I was pleasantly surprised to learn that Anna McGowan is such a wonderful speaker. An engineer from Langley, she talked about the role of innovation in aviation and its ability to deliver “The World on Demand”. I agree with others who indicate that this may have been too big a topic for an 18 minute time slot. Creativity and innovation often arise in support of a compelling vision. Anna is a very engaging speaker with a vision.

A video, featuring Micheal Pritchard, used the problem of providing safe clean water to billions of people to illustrate that big problems can be made small by asking the right question. Providing potable water to everyone on the planet is a huge problem. The required production and distribution infrastructure is immense and unaffordable to many nations. So think small instead. The practical solution is to develop an inexpensive method that enables a single person to make their own potable water from any source as needed. Take away: turn those big intractable problems into little problems that you can solve.

The next segment was a slide show of the art of Chakaia Booker. Ms. Booker is a walking piece of art in her own right, but the slide show demonstrated what she sees when she looks at an old discarded rubber tire. She dissects and reassembles tires to create shapes and textures that are unexpected. The point: no one sees things the same way that you do.

Guitarist Mike Rayburn treated us to a little of his creativity. He started off by playing a guitar in a way I have never seen before. His motivational statement “what could I do with a guitar that has not been done in the past 500 years” really hit home. He then took us on a quick tour of other things he can do by simply asking what if. That question is very liberating, creatively speaking, and allows Mike to turn many common compositions into unique and delightful experiences (e.g. Led Zeppelin does Dr Seuss – Green Eggs & Ham set to Black Dog). This was very likely my top experience of the day. Just ask what if and see where the freedom takes you.

Break and a little mingling: talked to Dave Ballou for a while and watched a tiny robot play kickball with a human.

The final segment started with Dr. Sue Morter. Being a scientist and knowing a few things about electromagnetic radiation/fields and quantum mechanics, I found her underlying message of freeing ourselves from our own self created filters and restrictions overwhelmed by her careless abuse of physical analogies mingled free-form with new age concepts. At least I hope they were analogies from physics. I guess I was able to free myself from my own filters enough to see the underlying message, but it was tough. Perhaps that was the point – letting go of your point of view to experience that of others. Gutsy move including her in the program. I’m still uncomfortable after this one.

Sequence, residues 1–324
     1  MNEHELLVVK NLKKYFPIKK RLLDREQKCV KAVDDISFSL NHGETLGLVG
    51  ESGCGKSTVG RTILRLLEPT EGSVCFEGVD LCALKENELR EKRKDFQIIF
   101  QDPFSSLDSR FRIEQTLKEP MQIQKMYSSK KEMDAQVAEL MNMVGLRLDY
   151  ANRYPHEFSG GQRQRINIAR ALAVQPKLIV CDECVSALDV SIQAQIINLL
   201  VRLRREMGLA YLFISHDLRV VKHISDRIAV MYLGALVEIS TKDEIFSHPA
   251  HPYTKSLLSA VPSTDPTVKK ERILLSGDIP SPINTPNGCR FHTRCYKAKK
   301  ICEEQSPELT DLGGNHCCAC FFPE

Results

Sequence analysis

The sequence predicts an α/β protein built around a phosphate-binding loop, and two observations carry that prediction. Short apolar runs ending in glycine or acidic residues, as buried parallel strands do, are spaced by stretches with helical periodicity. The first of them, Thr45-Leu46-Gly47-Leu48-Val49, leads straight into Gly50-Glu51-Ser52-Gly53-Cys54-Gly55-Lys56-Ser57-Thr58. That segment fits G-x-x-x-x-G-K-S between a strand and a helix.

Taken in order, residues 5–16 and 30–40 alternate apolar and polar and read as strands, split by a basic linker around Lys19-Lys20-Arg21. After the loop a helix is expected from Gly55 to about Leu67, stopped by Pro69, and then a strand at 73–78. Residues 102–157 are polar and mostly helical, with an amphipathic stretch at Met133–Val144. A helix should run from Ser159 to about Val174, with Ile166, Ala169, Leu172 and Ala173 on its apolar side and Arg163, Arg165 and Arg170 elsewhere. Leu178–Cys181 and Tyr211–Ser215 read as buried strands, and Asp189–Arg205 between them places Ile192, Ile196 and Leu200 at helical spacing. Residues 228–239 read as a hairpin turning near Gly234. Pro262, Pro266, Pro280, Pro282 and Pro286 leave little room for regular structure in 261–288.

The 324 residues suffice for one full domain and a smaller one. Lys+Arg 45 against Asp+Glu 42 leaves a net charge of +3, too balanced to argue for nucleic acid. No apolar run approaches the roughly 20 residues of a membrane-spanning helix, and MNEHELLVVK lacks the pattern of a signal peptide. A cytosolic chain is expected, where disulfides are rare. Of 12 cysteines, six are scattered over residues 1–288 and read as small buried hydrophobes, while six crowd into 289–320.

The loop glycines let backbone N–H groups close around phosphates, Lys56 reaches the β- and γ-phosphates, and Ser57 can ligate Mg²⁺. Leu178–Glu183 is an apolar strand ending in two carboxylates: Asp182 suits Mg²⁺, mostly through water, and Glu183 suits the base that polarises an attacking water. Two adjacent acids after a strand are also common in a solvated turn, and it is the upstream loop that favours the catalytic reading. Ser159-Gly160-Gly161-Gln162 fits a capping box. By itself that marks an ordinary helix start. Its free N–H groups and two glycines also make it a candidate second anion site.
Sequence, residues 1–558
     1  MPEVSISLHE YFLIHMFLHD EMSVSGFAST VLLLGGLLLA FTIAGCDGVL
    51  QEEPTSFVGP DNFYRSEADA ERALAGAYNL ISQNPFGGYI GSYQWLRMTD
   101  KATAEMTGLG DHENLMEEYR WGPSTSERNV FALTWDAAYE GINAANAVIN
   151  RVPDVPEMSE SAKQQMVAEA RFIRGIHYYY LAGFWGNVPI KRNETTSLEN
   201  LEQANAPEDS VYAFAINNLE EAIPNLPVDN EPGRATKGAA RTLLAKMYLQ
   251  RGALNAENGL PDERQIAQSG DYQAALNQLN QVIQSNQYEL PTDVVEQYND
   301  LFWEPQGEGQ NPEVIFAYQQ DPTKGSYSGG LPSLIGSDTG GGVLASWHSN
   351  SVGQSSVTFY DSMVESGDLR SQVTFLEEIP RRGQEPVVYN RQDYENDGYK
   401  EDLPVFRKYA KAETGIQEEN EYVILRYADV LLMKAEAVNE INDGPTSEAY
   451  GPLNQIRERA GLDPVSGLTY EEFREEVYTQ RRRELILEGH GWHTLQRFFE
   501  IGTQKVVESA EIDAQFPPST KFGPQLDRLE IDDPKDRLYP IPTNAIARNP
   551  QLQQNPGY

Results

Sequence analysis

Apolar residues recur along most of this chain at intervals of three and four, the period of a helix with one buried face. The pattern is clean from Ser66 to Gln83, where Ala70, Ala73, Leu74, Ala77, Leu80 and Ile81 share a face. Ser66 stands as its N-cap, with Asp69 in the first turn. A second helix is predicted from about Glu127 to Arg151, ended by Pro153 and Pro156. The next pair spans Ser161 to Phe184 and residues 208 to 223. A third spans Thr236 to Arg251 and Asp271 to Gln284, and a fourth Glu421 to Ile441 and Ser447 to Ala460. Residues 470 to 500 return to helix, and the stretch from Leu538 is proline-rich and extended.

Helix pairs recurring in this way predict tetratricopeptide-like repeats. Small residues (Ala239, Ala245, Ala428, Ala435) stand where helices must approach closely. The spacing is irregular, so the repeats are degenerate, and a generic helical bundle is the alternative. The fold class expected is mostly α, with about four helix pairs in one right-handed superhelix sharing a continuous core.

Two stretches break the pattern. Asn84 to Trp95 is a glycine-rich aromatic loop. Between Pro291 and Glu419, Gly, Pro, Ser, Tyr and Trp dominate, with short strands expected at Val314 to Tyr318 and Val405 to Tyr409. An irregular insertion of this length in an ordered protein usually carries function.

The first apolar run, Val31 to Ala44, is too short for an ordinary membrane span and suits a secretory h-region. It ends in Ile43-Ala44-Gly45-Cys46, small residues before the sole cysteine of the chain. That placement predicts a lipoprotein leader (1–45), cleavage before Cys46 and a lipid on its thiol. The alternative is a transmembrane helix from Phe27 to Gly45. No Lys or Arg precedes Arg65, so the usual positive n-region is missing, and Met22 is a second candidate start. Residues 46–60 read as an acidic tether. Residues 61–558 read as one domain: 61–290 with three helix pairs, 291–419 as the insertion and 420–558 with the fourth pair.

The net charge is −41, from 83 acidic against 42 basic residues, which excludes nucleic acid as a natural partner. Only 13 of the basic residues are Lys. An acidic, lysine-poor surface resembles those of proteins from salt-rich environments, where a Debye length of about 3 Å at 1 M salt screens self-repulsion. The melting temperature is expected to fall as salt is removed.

A video featuring Nandan Nilekani uses the history of India to demonstrate how ideas create the future. Interesting and informative, but I did not get much out of this one.

Dr. Joel Levine was up next and talked about the science enabled by flying aircraft on other planets. I know Joel very well since he works in the same directorate that I do at NASA Langley. This was perhaps his best presentation I have ever seen. He demonstrated how important questions (focus) and teamwork (trust) can result in innovations – in this case the Mars Airplane – that enable breakthroughs. He included two videos, the first an animation of how the Mars Airplane might be packaged and delivered to the Martian atmosphere, and a second showing actual footage from the deployment and transition to autonomous flight of a scale model being dropped from a balloon at 103,000′ altitude (the point in Earth’s atmosphere similar to the flight conditions at Mars) demonstrating that the concept works. This is the creativity and innovation process NASA-style. Joel managed to subdue his normal tendency for hyperbole to a great extent. Super stuff and it was a tough decision to make, but sorry you narrowly missed being in my top 3.